July 28 - August 4, 1997
recently came into possession of well over three-thousand 45-rpm
records from the 1950s. How I obtained them is a long story involving
a high-school friend, one of her parents's bad judgment, and a
divorce, but that's not important. What's important is that my
lucky windfall has given me detailed exposure to the early era
of rock-n-roll. Now, finally, I can gain first-hand understanding
of where a lot of today's music originated.
I'm not the only one so intrigued by the past. All over America, people are going back to where it all began -- or so it would seem from this week's Weekly Wire music section. The lead story examines the retro phenomenon, describing how it goes in cycles, and sometimes cycles within cycles. Dizzying, ain't it? Again and again, musicians and listeners yearn for a revival of revivalism. And they don't always agree on what to revive.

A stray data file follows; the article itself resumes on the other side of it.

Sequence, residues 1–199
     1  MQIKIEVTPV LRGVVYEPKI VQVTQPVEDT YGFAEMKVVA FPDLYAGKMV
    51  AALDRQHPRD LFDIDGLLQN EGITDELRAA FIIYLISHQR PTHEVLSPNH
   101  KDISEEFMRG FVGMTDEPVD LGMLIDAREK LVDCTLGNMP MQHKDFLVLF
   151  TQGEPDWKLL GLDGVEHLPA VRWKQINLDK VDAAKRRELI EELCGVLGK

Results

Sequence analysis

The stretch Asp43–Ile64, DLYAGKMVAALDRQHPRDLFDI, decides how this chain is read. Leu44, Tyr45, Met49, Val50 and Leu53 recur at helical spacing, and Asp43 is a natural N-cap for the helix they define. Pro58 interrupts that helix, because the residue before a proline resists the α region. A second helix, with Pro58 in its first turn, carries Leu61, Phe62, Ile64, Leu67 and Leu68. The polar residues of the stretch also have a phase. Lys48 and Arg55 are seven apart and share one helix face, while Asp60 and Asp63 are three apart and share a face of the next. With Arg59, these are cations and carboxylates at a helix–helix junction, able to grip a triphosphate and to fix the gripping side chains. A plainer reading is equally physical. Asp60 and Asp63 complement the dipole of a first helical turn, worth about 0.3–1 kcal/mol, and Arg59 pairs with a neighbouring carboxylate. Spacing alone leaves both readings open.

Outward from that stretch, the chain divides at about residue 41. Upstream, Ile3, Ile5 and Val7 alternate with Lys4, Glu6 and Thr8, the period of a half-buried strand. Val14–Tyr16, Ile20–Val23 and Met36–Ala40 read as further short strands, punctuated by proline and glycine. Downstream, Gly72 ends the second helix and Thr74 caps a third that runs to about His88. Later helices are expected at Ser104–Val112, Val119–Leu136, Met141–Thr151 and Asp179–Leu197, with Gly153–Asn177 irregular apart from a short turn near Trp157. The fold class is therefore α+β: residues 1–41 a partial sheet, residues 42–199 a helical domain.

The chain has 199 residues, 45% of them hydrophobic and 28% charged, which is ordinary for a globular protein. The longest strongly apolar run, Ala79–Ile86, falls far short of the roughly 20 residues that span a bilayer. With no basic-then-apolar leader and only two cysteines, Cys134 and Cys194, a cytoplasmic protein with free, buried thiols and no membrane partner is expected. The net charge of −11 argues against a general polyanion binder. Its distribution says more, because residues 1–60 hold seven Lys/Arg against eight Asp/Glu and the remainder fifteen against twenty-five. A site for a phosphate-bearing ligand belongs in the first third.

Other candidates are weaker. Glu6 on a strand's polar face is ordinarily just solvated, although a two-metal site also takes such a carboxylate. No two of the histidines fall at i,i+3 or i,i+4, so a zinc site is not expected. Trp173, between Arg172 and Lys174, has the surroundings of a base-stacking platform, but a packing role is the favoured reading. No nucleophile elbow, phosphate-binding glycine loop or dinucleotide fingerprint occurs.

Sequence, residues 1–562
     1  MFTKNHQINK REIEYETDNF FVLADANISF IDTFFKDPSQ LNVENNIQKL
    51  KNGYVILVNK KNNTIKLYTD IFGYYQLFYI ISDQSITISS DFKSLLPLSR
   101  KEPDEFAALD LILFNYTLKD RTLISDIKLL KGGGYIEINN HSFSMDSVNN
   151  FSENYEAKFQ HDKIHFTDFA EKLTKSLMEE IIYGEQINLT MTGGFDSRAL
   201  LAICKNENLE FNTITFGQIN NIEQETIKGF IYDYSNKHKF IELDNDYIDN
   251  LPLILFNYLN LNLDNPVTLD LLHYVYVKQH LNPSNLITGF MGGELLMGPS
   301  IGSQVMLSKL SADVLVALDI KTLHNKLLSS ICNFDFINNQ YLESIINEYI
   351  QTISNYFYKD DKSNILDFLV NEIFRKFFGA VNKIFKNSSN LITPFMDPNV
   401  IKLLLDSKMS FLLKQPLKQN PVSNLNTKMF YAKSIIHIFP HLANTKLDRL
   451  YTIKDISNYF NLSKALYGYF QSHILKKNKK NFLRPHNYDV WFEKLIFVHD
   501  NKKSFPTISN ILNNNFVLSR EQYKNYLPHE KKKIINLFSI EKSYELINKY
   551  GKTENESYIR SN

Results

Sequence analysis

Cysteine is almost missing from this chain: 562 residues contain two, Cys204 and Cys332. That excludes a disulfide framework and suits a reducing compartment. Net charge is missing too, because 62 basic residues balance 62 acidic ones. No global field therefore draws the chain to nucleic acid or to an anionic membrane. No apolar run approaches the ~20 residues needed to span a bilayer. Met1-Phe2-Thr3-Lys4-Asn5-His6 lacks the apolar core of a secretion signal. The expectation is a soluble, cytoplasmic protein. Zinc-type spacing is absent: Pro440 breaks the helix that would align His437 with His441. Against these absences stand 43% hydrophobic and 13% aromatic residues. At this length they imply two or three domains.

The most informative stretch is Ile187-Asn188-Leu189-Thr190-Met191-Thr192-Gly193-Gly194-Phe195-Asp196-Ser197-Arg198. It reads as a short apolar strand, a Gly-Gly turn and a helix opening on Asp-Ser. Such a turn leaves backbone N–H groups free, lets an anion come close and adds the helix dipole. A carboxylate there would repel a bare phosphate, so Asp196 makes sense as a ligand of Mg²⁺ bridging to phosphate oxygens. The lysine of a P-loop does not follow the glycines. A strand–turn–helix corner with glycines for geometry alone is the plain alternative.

So while one segment of the music-creating community hearkens back to the modernistic pop of the '80s (see last week's music section for details), another applies CPR to the twitchy body of early rap music (as in this piece on late '70s rappers The Sugarhill Gang). Many, though, prefer to look 30 or 40 years farther into the past, when country, R&B, and rockabilly were on the cutting edge -- and had lots of bright new blood to prove it.
For more evidence, look at this piece about Greg Garing, a roots-revival type of guy who is now working hard to live beyond hype that has compared him to country's most influential crooner, Hank Williams. Or try this story about folklorist Alan Lomax, whose anthropological recordings of deep-South musicians and other authentic, so-rootsy-they're practically-truffles types are currently enjoying a profitable reissue on Rounder Records.
And then there are the bands that really want to get back to their roots, even if that means reliving a time when hitting rocks and sticks together was considered the hip new thing. I'm talking about the tribalistic Crash Worship, who are currently touring with The Duarte Six. A concert preview gives the low-down.
Other articles focus on bands both classic and modernistic, or in the case of less fortunate artists, both derivative and pretentious. These include:
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